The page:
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, Analysis: Refugee Situation: EU must speak to Ankara using one voice

Whether the issue is the refugee situation, the fight against ISIS or peace efforts in the Middle East, Turkey has a crucial role to play. How is the country dealing with the increase in refugees? Which policies is Ankara pursuing in the region? And what approach should the EU take in future negotiations with Turkey?

The European Council met once again in Brussels on December 17 and 18. The heads of 28 EU member states addressed an agenda that included the so-called Turkey refugee fund, among other topics. Turkey is a key transit country and the country of origin for many refugees who ultimately make their way to Europe. In November, Brussels and Ankara drafted a joint plan for managing the refugee situation. According to the plan, Turkey will reduce the number of illegal migrants to the EU, for which it will receive assistance, including financial aid totaling €3 billion.

Until now, however, the EU has been unable to agree on who exactly will pay the €3 billion. The European Commission says it is willing to provide €1 billion at the most and is calling on member states to come up with the rest from their national budgets. Countries that are willing to contribute would like to indirectly force those members to pay more who have refused to accept refugees and would do so by reducing the amount of EU funding those members receive. A closer look reveals, however, that this is an empty threat, since the EU's budget is now set until 2020 and any "punishment" would only be possible after that.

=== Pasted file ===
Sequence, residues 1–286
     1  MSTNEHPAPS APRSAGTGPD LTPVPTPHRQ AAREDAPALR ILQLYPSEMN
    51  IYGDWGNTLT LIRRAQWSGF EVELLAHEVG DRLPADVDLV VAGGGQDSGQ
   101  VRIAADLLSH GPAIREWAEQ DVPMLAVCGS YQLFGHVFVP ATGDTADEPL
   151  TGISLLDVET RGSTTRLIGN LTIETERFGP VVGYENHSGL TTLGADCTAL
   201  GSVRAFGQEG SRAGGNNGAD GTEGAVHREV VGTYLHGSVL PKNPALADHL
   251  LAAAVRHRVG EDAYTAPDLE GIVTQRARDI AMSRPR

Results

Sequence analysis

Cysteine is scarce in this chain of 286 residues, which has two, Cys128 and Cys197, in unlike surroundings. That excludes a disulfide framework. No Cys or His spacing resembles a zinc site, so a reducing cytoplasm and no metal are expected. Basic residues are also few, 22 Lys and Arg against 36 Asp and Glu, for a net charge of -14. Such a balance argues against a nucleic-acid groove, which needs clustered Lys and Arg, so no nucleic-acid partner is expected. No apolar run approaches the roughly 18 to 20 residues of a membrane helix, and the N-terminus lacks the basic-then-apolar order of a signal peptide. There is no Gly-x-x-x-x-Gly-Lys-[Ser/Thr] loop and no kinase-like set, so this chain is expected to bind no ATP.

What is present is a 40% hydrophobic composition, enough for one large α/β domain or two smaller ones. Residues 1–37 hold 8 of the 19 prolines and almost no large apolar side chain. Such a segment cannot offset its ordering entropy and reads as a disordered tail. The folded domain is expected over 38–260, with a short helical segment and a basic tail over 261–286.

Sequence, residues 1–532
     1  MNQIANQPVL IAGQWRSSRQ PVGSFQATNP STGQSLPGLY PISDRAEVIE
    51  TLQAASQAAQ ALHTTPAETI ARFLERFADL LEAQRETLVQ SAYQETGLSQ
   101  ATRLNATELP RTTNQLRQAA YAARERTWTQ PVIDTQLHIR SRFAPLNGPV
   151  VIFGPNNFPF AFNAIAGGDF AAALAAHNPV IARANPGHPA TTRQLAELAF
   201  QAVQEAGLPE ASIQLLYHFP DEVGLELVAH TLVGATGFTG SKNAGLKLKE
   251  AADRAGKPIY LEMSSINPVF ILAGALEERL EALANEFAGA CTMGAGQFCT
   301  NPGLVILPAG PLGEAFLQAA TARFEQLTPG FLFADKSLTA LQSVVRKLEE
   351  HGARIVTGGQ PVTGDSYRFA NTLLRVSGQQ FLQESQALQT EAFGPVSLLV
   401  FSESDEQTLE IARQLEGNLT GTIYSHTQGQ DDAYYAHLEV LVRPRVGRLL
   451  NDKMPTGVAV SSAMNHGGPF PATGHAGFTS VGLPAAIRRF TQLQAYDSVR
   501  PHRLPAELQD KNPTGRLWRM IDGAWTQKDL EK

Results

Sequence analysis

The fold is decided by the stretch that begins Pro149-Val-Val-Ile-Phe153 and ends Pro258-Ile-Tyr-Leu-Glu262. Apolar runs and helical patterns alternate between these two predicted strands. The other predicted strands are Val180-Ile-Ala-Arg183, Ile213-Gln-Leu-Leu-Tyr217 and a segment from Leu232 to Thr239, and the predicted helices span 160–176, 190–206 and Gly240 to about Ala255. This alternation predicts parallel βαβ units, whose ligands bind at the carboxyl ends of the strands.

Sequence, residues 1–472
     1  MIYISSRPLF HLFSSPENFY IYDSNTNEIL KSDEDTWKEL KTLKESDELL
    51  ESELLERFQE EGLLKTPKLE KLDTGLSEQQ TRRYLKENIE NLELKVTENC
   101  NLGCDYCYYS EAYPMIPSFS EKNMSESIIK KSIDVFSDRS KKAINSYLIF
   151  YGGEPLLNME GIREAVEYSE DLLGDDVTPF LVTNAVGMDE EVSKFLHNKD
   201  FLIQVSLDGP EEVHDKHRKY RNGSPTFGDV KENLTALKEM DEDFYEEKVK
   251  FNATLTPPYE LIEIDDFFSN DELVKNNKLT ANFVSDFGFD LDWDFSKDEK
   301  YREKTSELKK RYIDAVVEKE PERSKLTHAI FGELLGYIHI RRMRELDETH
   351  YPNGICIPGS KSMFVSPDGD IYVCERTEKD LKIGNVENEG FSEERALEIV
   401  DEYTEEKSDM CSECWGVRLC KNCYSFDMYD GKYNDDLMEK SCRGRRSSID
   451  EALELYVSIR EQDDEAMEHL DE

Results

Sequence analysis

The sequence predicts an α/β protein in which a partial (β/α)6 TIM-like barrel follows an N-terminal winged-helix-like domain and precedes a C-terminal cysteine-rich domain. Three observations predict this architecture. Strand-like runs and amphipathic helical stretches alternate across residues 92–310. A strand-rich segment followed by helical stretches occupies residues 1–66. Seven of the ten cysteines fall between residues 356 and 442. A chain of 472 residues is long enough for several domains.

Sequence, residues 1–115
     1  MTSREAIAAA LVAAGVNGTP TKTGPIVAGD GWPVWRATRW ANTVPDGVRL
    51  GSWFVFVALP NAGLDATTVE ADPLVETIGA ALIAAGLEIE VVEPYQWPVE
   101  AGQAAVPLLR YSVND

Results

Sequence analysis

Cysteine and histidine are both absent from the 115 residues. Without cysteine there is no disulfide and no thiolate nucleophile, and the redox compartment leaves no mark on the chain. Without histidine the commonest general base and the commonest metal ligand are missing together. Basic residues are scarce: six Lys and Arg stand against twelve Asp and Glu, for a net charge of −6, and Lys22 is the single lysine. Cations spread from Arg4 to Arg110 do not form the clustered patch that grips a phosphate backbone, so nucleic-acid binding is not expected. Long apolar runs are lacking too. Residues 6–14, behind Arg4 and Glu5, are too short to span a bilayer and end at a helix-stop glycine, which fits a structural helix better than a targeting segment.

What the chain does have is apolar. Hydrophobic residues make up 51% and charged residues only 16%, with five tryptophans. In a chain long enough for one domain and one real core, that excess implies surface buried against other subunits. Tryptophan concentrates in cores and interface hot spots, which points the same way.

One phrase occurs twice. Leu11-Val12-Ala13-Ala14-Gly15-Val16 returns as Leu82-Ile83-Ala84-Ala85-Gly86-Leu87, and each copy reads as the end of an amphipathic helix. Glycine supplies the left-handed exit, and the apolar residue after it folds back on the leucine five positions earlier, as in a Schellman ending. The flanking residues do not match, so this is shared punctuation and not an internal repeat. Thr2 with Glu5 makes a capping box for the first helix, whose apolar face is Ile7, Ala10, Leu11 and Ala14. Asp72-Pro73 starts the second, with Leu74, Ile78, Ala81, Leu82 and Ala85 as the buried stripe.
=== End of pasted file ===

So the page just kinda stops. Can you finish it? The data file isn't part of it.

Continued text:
The fight over the Turkish fund reflects the lack of agreement among EU members about how to deal with the refugee situation. Yet agreement and a clear stance are exactly what are currently required regarding Turkey. The country on the Bosporus is not only needed to respond to the refugee situation in a targeted, long-term manner, cooperation with Ankara is also imperative if effective measures are to be implemented for combating terrorism and ISIS-perpetrated violence and for bringing peace to the Middle East. Such cooperation has become even more urgent in view of the terrorist attack in Istanbul on January 12.

In their analysis, Christian-Peter Hanelt and Tim Lewis Poppenborg take a look at the situation refugees face in Turkey and explain the ambivalence inherent in Turkey's policy in the Middle East. In addition, they provide recommendations for how the EU could position itself in future negotiations with Ankara. 

The analysis is the first in our new series called "Facts on the European Dimension of Displacement and Asylum". The series will examine at regular intervals the individual countries affected by the refugee situation. In addition to issues relating to displaced persons and human rights, each country's degree of democratization will be analyzed in detail and its relationship with the European Union discussed. The analysis will also look at possibilities for cooperating with Brussels.   

A portion of the data used for the analysis of Turkey has been taken from the country report for Turkey published by the Bertelsmann Stiftung's Transformation Index (BTI) for 2014 (scheduled to be updated this spring) and from the profile of Turkey published as part of the 2015 Sustainable Governance Indicators.

Please find the complete analysis for Turkey in the sidebar on the right.

Publication

Publication: Facts on the European Dimension of Displacement and Asylum: Turkey

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